24 Sep 2019 11:42 AM GMT
The Bombay High Court last week acquitted one Asha Patil, mother of an 11-year-old girl from Nashik who was sexually assaulted by her stepfather Sagar Rathi.Justice AM Badar heard the criminal appeal filed by Asha against a judgment of the trial court convicting her under Section 17 of the Protection of Children from Sexual Offences Act 2012 along with her husband Sagar. The trial court...
The Bombay High Court last week acquitted one Asha Patil, mother of an 11-year-old girl from Nashik who was sexually assaulted by her stepfather Sagar Rathi.
Justice AM Badar heard the criminal appeal filed by Asha against a judgment of the trial court convicting her under Section 17 of the Protection of Children from Sexual Offences Act 2012 along with her husband Sagar. The trial court concluded that she was guilty of "abetment by illegal omission as well as intentional aid."
The court concluded that Asha was not aiding the accused Sagar in the commission of the crime, hence in the absence of mens rea, offence of abetment cannot be sustained.
The complainant Sunanda Pawar lived in the same neighborhood as the accused Sagar and Asha. When Asha was pregnant with a second child, she kept the victim child at Sunanda's house for a period of about six to seven months. Thereafter, Asha took her daughter back. The victim was five years old at the time.
During Dussehra festival, Asha visited Sunanda's house with her daughter. This is when Sunanda noticed injury marks on the victim girl's body. When asked, Asha said that her daughter fell. However, the victim told Sunanda that she was beaten by her stepfather Sagar. Thereafter, the next day when Sunanda was bathing the victim, she noticed injuries on her private parts.
Victim told Sunanda that Sagar "inserted something in her vagina and also put chilly powder in her vagina." She disclosed that she was beaten by him after he tied her hands with the wire of a mobile charger.
When Sunanda persuaded Asha to accompany her to the police station to lodge a report, Asha declined. But the FIR was registered, investigation was completed and Asha was arraigned as an accused along with Sagar in the charge sheet. She pleaded not guilty but the trial court convicted her along with Sagar and sentenced to 10 years.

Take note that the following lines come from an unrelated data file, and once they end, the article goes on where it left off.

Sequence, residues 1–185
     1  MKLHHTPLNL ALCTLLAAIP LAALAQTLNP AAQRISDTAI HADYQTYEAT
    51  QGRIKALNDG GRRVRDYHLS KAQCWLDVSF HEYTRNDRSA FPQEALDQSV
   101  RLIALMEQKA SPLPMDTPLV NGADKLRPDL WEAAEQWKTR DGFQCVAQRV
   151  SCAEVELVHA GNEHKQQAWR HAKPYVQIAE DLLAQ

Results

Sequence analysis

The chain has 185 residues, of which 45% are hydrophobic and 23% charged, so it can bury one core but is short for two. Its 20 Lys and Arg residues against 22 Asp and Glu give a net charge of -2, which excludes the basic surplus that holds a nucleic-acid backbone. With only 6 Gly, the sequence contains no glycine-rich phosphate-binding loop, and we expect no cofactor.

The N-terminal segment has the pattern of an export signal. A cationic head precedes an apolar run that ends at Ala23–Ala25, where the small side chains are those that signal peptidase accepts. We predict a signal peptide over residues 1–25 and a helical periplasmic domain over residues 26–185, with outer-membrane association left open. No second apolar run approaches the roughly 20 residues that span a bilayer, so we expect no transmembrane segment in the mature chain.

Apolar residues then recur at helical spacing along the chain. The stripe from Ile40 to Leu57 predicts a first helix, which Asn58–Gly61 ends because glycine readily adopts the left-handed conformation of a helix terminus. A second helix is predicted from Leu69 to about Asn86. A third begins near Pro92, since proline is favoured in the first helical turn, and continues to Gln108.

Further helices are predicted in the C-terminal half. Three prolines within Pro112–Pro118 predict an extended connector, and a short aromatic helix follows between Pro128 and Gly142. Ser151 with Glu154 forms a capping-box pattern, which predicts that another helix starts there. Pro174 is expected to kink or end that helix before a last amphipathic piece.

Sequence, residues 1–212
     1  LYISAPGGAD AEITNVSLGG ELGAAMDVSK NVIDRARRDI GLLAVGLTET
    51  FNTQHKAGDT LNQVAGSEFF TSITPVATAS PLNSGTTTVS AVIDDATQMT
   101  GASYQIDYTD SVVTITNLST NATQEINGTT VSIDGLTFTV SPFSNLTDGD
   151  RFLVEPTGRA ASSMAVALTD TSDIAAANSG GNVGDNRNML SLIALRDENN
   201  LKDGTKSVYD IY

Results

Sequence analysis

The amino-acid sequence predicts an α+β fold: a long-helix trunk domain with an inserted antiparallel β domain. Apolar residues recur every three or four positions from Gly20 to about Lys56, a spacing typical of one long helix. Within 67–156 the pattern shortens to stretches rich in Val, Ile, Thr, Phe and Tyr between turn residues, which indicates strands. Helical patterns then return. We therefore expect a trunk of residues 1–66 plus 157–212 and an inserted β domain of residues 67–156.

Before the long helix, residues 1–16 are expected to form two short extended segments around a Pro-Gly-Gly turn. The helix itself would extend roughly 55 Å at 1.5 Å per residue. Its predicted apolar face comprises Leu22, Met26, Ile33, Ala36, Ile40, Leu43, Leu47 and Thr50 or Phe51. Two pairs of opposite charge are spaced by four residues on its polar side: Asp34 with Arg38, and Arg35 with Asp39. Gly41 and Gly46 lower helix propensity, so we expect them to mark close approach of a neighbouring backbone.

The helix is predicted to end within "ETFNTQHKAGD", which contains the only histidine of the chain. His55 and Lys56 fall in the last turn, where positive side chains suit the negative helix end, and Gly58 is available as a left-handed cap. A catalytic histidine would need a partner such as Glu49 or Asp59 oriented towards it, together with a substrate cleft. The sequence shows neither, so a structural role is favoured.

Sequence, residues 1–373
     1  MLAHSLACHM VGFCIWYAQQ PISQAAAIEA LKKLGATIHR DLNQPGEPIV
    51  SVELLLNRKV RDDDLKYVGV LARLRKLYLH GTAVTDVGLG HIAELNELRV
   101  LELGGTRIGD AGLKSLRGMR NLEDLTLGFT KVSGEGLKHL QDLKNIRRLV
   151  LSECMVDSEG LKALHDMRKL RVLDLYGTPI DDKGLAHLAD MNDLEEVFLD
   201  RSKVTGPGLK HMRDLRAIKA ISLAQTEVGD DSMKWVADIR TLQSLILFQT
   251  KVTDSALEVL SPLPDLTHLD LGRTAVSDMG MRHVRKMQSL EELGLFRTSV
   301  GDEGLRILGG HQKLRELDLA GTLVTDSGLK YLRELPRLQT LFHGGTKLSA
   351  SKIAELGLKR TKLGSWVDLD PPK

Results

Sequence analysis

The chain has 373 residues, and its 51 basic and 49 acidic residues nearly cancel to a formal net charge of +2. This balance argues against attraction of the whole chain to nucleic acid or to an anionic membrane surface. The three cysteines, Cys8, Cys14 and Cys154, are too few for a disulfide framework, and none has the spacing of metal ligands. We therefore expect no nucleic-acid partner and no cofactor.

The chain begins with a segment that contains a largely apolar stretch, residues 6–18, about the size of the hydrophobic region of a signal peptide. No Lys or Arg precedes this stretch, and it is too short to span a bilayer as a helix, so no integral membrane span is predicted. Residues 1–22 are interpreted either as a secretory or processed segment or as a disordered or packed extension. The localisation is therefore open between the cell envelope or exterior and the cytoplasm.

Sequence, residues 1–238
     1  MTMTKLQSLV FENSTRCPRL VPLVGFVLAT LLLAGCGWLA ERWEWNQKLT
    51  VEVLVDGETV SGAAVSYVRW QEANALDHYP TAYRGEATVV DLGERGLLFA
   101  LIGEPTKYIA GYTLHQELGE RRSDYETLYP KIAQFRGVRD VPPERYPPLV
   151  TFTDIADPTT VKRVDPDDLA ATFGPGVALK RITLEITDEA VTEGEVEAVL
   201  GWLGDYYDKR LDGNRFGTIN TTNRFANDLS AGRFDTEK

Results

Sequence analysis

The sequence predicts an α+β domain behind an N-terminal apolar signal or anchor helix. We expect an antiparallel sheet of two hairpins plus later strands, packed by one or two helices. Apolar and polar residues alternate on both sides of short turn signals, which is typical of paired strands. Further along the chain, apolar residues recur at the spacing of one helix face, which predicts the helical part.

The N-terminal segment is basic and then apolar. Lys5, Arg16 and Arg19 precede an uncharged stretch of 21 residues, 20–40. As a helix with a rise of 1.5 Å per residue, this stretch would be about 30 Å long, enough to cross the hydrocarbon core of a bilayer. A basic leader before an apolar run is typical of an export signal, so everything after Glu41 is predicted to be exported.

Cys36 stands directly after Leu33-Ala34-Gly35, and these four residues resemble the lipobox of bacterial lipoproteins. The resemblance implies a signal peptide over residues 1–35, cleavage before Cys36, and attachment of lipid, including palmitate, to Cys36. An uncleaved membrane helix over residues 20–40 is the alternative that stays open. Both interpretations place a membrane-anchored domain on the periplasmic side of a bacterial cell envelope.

Advocate Vikas Singh appeared on behalf of accused Asha and vehemently argued that even if the prosecution's evidence is accepted in its entirety, no case of abetment is made out against Asha.
It's not like she intentionally aided Sagar or had abetted him to commit the act. Also, even if the victim informed Asha about what her husband did, that would not amount to abetment by illegal omission, Singh submitted.
The court examined Section 16 which defines abetment of an offence under the POCSO Act and trial court's judgment in the case and observed-
"For making an accused liable for abetment by intentional aiding by an act or illegal omission, it is required to be established by the prosecution that either prior to or at the time of commission of act of offence, such abettor does anything in order to facilitate the commission of the act of offence and facilitate the commission of offence. Thus, presence of the abettor either before the commission of the offence for facilitating the commission of the offence or at the time of commission of an act constituting the offence is necessary; for making out the offence of abetment."
After examining the victim's statement, the Court concluded that Asha was not present either before or at the time of the commission of an act constituting offence by coaccused Sagar Raju Rathi.
Justice Badar noted-
"The intention should be to aid the commission of a crime. Mere giving of aid will not make the act an abetment of an offence if the person who give the aid did not know that the offence was being committed or contemplated. In order to convict a person of abetment by illegal omission, it is necessary to show that the accused intentionally aided the commission of offence by his noninterference and that the omission involved a breach of legal obligation. Abetment by omission would only be punishable if the omission were an illegal omission i.e. breach of a legal obligation.
Mens rea is an essential element of the offence of abetment. Her subsequent failure to take recourse to law by lodging the FIR does not aid the commission of the offence by accused Sagar Rathi though it might aid the concealment of an offence already perpetrated. However, there is no such charge against the appellant/convicted accused. Mere negligence or carelessness on the part of the accused cannot be termed as 'abetment'."
Thus, Asha's appeal was allowed and judgment convicting her was quashed and set aside.
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